marked reduction in the size of the surgical
incisions might be expected to result in an
increased rate of filtration failure with time
as has been found to occur following holmium
laser ab externo laser sclerostomy.12 The results

1385

of this study indicate that reducing the size of


the procedure does not, however, appear to
lead to an increased medium to long term failure rate. This reassuring fact permits the
surgeon to take advantage of the potential benefits of a procedure which occupies a smaller
area on the surface of the eye.
We consider that there would be suYcient
space for up to three small flap trabeculectomies around the superior limbus should
reoperation be necessary. This feature is likely
to be of particular advantage when performing
surgery on eyes that have had previous
drainage and/or cataract surgery. Indeed, over
the past 7 years, we have found that a
microtrabeculectomy can often be performed
in the small circumference of virgin conjunctiva at the limbus when a traditionally sized
procedure would have to be placed inferiorly.
In addition, with the use of a smaller scleral
trapdoor, the scleral sutures are situated more
anteriorly, allowing for easier laser suture lysis
should this be necessary.
We acknowledge that true success in glaucoma management should be measured in
terms of visual function. However, postoperative IOP control serves as a useful point of
comparison with other studies when considering surgical success rates. IOP remains relatively stable between 1 and 4 years following
conventional trabeculectomy,13 and we have
demonstrated that the same is true for small
flap trabeculectomy. The mean IOPs in this
study tend to be slightly lower than those
quoted by other authors using larger scleral
flaps.4 1315 This may be as a result of our
relatively low risk patient population or from a
combination of our surgical technique and
postoperative management.
Migdal et al have reported a 98% success
rate (defined as IOP <23 mm Hg oV
medication) at 15 years following conventional trabeculectomy performed as a primary
procedure in POAG.16 Only one of our eyes
could be considered to have had primary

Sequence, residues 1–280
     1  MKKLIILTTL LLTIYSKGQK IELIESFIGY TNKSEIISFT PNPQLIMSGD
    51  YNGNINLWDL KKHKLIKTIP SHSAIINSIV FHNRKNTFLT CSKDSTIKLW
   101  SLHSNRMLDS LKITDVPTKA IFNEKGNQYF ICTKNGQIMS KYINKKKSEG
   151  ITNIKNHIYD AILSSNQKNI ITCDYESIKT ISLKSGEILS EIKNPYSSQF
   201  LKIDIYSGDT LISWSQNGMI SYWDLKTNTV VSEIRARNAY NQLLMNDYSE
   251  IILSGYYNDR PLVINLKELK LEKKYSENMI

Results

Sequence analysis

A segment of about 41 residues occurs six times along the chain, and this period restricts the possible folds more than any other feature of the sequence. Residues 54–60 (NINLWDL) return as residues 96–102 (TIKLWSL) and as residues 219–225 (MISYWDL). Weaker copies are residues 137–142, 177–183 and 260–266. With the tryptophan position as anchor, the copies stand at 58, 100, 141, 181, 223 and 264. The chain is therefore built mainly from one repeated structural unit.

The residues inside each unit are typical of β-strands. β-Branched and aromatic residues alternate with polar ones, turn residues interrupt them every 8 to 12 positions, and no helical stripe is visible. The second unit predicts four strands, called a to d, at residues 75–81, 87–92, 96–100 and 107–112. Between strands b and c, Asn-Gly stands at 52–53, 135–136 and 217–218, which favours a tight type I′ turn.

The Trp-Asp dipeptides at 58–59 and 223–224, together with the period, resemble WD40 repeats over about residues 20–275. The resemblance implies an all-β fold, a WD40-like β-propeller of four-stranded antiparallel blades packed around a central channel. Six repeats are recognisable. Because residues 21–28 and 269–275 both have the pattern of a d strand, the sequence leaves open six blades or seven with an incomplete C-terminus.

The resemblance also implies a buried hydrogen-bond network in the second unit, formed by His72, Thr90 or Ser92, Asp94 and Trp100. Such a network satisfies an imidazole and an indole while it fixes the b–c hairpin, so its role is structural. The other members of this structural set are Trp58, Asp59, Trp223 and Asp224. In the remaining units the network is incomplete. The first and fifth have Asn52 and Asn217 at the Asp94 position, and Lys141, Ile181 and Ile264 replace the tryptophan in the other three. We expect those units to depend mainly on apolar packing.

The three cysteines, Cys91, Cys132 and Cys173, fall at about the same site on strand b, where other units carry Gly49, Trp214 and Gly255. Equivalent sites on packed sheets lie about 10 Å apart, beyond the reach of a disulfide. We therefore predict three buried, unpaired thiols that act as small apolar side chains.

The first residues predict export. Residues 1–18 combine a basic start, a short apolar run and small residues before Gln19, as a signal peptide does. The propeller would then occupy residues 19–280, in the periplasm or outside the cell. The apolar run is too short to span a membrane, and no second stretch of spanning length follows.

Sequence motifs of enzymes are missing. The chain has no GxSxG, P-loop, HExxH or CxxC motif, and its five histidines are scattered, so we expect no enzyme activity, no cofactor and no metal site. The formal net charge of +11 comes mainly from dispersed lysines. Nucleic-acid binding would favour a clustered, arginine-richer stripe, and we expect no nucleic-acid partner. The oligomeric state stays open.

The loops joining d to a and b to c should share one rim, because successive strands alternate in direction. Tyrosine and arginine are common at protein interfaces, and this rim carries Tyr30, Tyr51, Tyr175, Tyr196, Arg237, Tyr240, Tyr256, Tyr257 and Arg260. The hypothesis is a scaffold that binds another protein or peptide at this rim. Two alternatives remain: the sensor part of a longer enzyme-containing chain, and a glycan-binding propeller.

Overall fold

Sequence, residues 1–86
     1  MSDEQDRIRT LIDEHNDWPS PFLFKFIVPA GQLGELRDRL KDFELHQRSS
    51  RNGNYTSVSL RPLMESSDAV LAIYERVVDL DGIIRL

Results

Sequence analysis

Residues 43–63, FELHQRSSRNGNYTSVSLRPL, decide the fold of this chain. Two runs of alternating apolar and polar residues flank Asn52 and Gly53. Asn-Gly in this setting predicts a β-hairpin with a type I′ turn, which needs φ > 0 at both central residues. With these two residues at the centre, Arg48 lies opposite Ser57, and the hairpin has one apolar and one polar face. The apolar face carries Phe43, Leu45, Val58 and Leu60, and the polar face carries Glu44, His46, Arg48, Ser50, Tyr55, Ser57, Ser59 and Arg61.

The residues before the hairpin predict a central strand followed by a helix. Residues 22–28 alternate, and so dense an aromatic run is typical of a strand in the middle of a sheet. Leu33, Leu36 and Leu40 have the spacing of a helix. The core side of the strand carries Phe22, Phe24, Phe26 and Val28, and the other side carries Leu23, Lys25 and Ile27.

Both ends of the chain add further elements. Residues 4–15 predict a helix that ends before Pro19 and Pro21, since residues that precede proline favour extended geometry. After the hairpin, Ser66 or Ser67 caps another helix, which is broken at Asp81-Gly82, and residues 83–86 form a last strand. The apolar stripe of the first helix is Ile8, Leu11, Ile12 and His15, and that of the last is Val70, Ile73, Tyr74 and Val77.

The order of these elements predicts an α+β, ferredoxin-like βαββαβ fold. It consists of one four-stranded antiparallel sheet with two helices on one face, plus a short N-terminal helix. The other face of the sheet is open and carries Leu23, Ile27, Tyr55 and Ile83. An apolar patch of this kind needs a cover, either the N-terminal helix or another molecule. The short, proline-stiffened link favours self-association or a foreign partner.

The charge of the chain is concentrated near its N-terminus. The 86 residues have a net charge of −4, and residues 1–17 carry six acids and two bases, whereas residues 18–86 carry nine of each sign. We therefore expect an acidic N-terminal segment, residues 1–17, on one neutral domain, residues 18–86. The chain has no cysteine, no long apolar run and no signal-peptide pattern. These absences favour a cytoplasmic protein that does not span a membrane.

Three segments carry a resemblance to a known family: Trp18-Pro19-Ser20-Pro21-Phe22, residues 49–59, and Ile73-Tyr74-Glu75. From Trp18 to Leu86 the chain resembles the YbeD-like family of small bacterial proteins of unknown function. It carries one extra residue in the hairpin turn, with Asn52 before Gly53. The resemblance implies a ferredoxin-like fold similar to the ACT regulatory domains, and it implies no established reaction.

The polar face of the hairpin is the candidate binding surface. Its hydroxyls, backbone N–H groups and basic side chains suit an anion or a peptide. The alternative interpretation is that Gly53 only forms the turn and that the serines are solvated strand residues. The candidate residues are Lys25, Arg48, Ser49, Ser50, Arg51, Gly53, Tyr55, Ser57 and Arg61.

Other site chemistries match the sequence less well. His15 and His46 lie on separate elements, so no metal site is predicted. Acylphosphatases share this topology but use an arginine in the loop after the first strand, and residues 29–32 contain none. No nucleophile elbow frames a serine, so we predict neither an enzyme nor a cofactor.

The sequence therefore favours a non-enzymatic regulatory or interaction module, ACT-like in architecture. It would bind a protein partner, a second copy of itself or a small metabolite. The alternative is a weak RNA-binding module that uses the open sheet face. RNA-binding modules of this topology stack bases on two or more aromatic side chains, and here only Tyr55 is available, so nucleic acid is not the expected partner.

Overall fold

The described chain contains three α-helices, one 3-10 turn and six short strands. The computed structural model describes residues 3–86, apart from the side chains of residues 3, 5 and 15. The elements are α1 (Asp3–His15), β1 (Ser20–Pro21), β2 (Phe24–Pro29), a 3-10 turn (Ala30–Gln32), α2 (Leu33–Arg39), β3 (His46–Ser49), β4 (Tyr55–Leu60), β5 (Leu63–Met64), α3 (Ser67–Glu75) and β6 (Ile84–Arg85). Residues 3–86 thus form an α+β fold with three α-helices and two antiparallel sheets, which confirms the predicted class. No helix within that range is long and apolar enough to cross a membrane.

surgery; topical medications, shown to be a risk
factor for surgical failure,16 having been used in
our patients for a mean of nearly 3 years before
surgery. Indeed, if we had used the same criteria for failure as the Moorfields group (IOP
>22 mm Hg on two occasions), none of our
eyes would be classified as failures at any
stage. We do not know, however, whether our
eyes deemed to require additional medical
treatment would have recorded higher IOPs if
treatment had not been instituted.
Our results can, in addition, be compared
with those of Nouri-Mahdavi and coworkers17
whose preoperative mean IOP was similar to
ours (24.1 mm Hg versus 24.6 mm Hg) and
who also used life table analysis to describe
their outcomes. Our survival rates of 80% at 4
years and 75% at 5 years (considering an IOP
of 21 mm Hg and above as a failure) are very
similar to those from the New Haven group
(83% and 80%).
With an increased emphasis on the attainment of a target pressure, the second of our
life table analyses (Fig 4) with a particularly
strict criterion for failure (any recorded IOP

1386

Vernon, Gorman, Zambarakji

>15 mm Hg) is interesting. It indicates that


50% of eyes satisfying our entry criteria will be
likely to achieve this level of success over the
first 6 years following surgery. To our knowledge, no previous report of unenhanced filtering surgery has used a KaplanMeier analysis
at this level of IOP.
A hyphaema rate of 33% is not excessive
when compared with previous reports,13 18 in
which rates vary from 7% to 53%. In our study,